New Grads: Lets take action together!!!! - page 2

by aubrn

2,531 Visits | 17 Comments

New Grads, I just have a simple idea to help us all out of this situation where we cannot get jobs because no hospitals are hiring new graduates anymore. I think if we ban together and get petitions going stating that since... Read More


  1. 4
    The big problem is money. New grad orientations/preceptorships cost a LOT of money for the facility. They are finishing what school didn't do (bummer for you).

    If you can get someone who can hit the floor after a week, vs someone who needs 2-3 months with another nurse (costs 2 nurses for one set of patients), you take the one who can hit the floor running.

    School ripped you off. None of these preceptorships were EVER done until maybe 10 years ago. Hospitals know this because they have to clean up the mess....it's just not cost effective.

    Yes- it is very unfair for you. In the meantime, get ANY type of experience....it's not the end of the world to not get into a hospital at first- take what is there.

    Also- whatever you say won't phase them since you aren't their employee. They'll just wait for the time when they do hire new grads- and take the ones who haven't complained about them.

    It's really lousy and disappointing. But get what experience you can- that shows the willingness to do what ya gotta do, when you have a chance at getting into a hospital.
  2. 2
    Short handed does not mean shortage. Right now the hospitals are PURPOSEFULLY not filling positions with either experienced or inexperienced nurses. The economy sucks. They are taking advantage of that. There are tons of openings listed on hospital websites and through recruiters month after month after month. They have no intention of hiring, only maintaining the funds that were allocated to them through the corporate budget by keeping the position technically open, but not really.

    The medical community is very political. You do NOT want to start making a nasty, entitled sounding stink the very minute you come out of the gate. Not if you want to work. It is counterproductive.
    witc and joanna73 like this.
  3. 4
    Im glad to see that there are people here with common sense. I am a new grad and have friends that had a hard time getting jobs as new grads. I think what many new grads dont realize is the fact that just because you became an RN, doesnt mean you will do well.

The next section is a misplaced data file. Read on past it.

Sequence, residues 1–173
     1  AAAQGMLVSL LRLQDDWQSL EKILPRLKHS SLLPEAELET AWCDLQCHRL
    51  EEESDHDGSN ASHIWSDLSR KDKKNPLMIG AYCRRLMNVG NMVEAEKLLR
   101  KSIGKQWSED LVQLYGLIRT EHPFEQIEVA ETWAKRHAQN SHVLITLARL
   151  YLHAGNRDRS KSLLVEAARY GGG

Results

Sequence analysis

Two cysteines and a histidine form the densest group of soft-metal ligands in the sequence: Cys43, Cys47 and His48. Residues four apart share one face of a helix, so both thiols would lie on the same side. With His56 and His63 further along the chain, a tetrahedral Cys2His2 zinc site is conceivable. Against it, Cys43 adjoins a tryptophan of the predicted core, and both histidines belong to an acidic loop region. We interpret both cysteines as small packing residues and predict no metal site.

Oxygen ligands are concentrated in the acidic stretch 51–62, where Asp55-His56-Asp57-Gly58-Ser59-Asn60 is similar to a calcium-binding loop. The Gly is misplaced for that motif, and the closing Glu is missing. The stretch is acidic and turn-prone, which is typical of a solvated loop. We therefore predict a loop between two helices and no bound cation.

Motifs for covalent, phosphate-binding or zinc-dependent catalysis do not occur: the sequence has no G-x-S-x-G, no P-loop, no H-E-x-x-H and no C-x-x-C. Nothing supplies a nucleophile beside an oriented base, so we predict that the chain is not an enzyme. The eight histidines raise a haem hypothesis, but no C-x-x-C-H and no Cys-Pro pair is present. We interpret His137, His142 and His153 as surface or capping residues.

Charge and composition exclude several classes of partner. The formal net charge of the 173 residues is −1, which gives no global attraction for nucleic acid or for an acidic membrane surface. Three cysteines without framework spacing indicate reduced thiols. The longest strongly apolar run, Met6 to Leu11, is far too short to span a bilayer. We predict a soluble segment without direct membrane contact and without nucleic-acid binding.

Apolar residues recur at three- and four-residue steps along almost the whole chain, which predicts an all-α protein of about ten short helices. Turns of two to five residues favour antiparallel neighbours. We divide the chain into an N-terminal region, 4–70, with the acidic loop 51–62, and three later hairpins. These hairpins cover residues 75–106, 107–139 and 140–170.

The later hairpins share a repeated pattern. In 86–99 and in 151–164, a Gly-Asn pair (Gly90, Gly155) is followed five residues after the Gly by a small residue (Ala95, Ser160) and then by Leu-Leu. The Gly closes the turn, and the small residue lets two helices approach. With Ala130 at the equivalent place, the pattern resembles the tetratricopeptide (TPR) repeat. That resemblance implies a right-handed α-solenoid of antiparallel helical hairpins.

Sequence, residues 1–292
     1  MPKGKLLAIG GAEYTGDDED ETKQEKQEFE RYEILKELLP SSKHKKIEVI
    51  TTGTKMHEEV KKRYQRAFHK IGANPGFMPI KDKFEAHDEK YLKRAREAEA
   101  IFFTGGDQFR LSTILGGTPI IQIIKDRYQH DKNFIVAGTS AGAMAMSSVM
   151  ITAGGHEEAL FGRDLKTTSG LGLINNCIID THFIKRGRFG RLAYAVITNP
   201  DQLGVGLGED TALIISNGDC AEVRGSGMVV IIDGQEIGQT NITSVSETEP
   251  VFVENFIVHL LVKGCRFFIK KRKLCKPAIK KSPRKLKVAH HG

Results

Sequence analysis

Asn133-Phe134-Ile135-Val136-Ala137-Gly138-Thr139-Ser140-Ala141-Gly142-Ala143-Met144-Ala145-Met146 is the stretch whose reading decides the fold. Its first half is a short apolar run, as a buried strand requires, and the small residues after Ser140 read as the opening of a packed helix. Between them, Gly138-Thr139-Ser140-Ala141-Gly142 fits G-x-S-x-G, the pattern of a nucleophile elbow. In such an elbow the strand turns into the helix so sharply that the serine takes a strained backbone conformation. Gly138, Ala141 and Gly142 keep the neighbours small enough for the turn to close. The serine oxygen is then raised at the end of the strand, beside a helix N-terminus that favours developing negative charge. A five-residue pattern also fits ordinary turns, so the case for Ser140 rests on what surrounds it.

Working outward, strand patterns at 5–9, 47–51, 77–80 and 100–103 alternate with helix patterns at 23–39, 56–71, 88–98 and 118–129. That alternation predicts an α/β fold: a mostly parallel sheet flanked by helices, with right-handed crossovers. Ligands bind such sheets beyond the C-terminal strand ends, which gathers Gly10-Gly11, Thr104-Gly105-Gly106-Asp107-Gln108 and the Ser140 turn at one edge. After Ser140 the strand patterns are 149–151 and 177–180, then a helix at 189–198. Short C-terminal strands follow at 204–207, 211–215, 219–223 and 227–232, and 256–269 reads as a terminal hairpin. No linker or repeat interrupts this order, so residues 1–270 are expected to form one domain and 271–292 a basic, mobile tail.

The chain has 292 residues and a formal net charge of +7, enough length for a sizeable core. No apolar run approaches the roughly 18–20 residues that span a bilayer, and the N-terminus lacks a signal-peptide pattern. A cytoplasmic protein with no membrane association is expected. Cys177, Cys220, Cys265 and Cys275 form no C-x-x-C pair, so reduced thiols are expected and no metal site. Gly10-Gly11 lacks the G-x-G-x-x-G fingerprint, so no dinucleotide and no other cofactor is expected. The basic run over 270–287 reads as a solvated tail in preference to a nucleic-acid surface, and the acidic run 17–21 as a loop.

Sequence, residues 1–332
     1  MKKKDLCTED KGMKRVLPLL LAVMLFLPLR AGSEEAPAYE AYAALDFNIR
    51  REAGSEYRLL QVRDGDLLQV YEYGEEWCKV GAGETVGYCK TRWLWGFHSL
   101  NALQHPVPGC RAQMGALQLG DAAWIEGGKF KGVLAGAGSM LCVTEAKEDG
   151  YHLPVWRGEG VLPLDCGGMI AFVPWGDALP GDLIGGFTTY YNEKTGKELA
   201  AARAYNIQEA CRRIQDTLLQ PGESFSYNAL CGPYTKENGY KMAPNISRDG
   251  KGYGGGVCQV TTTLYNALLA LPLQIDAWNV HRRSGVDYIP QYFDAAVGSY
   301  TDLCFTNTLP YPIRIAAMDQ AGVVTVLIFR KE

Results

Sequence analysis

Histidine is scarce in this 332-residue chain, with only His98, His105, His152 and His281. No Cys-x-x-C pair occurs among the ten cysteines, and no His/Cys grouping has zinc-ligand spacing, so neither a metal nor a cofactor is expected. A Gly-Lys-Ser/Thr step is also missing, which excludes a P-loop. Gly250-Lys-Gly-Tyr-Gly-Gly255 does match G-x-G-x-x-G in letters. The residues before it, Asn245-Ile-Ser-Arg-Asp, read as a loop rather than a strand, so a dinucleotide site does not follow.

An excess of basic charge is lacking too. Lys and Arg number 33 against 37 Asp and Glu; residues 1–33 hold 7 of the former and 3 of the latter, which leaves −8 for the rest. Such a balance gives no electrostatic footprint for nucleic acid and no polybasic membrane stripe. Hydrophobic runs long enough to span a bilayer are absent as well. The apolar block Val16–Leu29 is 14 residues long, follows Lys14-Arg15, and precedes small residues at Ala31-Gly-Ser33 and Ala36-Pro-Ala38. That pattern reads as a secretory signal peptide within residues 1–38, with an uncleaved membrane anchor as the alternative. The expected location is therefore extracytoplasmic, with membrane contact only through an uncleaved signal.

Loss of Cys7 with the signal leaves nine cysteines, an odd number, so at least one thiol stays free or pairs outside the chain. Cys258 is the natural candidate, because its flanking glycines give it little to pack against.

The hospital has to invest lots of money into a new grad. Most new grads going to a med/surg floor are getting 2-3 months of full time training. That amount can be anywhere from $10,000-15,000 depending your pay. I have seen people that graduated that struggle and just cannot "get it" when it comes to the actual work. For a hospital to invest this money into someone who might not work out doesnt make much sense. Add on hospitals with internships that offer critical care, they invest even more money with 2-3 months of a stipened pay of say $2k a month for 3 months, then 2 more months of following. $20,000 risk is not a small risk.

    Just read through the posts here and you will find many unhappy new grads contemplating quitting their jobs for something else. If the hospital invested $10k into an employee and they leave....they are in the hole for nothing. You have to look at both sides of the story.
    llg, Meriwhen, workingharder, and 1 other like this.
  4. 0
    It's very unfortunate, but everyone is affected by the economy, not just nurses. I have friends working in other fields who are also struggling. For now, new grads need to try to make the best of their situation.

    Yes, nurses are working short everywhere. However, employers have no intention of hiring the required staff. Maybe in another few years. Experienced nurses are also being cut. Some of these posts are very unrealistic. You can be as upset as you like, but it isn't going to change right now. Keep networking and applying. Something will come up.
  5. 0
    Quote from 8mpg
    Im glad to see that there are people here with common sense. I am a new grad and have friends that had a hard time getting jobs as new grads. I think what many new grads dont realize is the fact that just because you became an RN, doesnt mean you will do well.

    The hospital has to invest lots of money into a new grad. Most new grads going to a med/surg floor are getting 2-3 months of full time training. That amount can be anywhere from $10,000-15,000 depending your pay. I have seen people that graduated that struggle and just cannot "get it" when it comes to the actual work. For a hospital to invest this money into someone who might not work out doesnt make much sense. Add on hospitals with internships that offer critical care, they invest even more money with 2-3 months of a stipened pay of say $2k a month for 3 months, then 2 more months of following. $20,000 risk is not a small risk.